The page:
Tuesday, July 7, 2015

Blueberry Lavender Dump Cake


Dump cakes could probably benefit from a new name. To the uninitiated, it isn't exactly clear whether we're talking "dump" the verb or "dump" the noun. When I made classic cherry and pineapple dump cake for a past boyfriend, he expressed surprise that it wasn't chocolate, because dumps are, well, brown. Having grown up in the South, I had taken it for granted that everyone would know what a dump cake is. Not so. When I mentioned dump cake to my current significant other, he thought I was talking about a cake known for its laxative properties. (And he grew up in Northern Virginia, which tends to support the idea that Nova is distinct from Virginia.)

Scatological connotations aside, dump cakes are really fantastic. They're kind of a cobbler, kind of a crisp, kind of a crumble, and totally warm, gooey and delicious. Really everything you want in a comfort-food dessert. They've got the taste factor, and they've got the ease factor. It really doesn't take much more effort than spooning ice cream into bowls, but you get points for serving something homemade. Hell, some recipes you could probably get into the oven without dirtying a single utensil.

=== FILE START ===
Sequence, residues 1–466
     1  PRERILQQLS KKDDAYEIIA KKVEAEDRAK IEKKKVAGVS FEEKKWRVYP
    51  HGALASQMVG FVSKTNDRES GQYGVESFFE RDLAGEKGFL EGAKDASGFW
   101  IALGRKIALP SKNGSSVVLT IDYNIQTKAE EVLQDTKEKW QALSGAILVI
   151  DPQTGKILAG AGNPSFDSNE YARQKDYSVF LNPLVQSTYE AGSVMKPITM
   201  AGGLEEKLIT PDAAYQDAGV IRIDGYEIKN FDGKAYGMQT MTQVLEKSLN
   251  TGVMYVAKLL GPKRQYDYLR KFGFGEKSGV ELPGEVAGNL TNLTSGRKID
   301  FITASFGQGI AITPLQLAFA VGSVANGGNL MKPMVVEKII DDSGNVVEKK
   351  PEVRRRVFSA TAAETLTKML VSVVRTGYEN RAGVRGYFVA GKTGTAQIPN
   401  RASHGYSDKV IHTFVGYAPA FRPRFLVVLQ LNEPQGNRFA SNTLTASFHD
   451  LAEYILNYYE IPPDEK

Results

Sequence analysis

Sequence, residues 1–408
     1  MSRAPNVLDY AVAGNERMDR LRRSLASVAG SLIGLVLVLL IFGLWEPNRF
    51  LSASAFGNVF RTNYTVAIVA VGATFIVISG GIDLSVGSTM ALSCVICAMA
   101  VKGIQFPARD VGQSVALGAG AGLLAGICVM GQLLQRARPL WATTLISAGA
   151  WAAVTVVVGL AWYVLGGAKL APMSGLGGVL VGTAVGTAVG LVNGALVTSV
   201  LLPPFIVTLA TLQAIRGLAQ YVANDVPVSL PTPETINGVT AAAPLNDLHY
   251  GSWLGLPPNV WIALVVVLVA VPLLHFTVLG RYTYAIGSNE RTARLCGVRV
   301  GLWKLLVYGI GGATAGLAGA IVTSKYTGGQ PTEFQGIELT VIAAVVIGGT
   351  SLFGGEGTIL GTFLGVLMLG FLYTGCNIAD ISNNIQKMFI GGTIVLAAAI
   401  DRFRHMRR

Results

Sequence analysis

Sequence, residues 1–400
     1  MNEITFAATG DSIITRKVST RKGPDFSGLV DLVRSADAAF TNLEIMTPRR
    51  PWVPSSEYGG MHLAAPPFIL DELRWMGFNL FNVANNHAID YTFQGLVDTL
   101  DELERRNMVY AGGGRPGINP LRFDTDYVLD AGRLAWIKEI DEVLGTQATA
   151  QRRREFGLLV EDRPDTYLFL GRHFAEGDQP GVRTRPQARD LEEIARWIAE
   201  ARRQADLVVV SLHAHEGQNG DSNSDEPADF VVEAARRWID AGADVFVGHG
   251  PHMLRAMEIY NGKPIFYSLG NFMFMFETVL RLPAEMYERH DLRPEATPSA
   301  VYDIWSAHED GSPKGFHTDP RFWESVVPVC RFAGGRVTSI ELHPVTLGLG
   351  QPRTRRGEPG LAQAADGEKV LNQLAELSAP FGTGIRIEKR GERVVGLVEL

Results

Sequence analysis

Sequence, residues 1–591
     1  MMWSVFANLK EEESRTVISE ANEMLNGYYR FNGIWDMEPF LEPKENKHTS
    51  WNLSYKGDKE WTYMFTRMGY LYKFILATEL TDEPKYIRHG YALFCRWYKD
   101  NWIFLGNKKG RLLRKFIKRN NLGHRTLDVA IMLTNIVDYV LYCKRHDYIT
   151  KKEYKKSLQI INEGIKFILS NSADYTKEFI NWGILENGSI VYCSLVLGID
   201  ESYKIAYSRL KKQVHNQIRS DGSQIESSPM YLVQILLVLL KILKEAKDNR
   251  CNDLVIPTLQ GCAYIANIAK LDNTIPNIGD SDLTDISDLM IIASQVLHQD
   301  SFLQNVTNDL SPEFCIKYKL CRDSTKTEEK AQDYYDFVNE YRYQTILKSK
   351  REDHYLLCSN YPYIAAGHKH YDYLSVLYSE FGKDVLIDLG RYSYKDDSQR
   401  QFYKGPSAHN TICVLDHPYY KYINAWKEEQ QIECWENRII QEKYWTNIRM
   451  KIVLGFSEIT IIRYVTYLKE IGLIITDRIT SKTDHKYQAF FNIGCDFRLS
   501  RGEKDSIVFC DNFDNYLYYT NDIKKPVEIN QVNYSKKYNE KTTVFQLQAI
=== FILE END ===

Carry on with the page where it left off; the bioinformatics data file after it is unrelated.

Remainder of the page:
Here is my barely-a-recipe for Blueberry Lavender Dump Cake:

Ingredients:

  • Can of blueberry pie filling
  • A very small amount of culinary lavender (about a three-finger pinch if you're really into lavender like me)
  • Duncan Hines cake mix of your choice*
  • Stick of butter or margarine, your choice


Directions:

  1. Preheat oven to 350 degrees.
  2. Dump the pie filling into your cake pan.
  3. Sprinkle the lavender over the pie filling, lightly crushing the buds with your fingers as you go. This should be a very light dusting--too much and your cake will go from pleasantly floral/herbal to soapy.
  4. Sprinkle cake mix over pie filling in as even a coating as possible.
  5. Melt butter in the microwave, then pour evenly over the cake mix.
  6. If using a 9" x 13" pan, bake for about 30 minutes, until golden brown. Smaller pans like mine will require additional time.
  7. Enjoy warm or cold, but I personally prefer warm.


*I specify Duncan Hines because that is the preferred cake mix of Aristotle Onassis, second husband of Jackie Kennedy Onassis, so it's obviously the classiest and fanciest of cake mixes.

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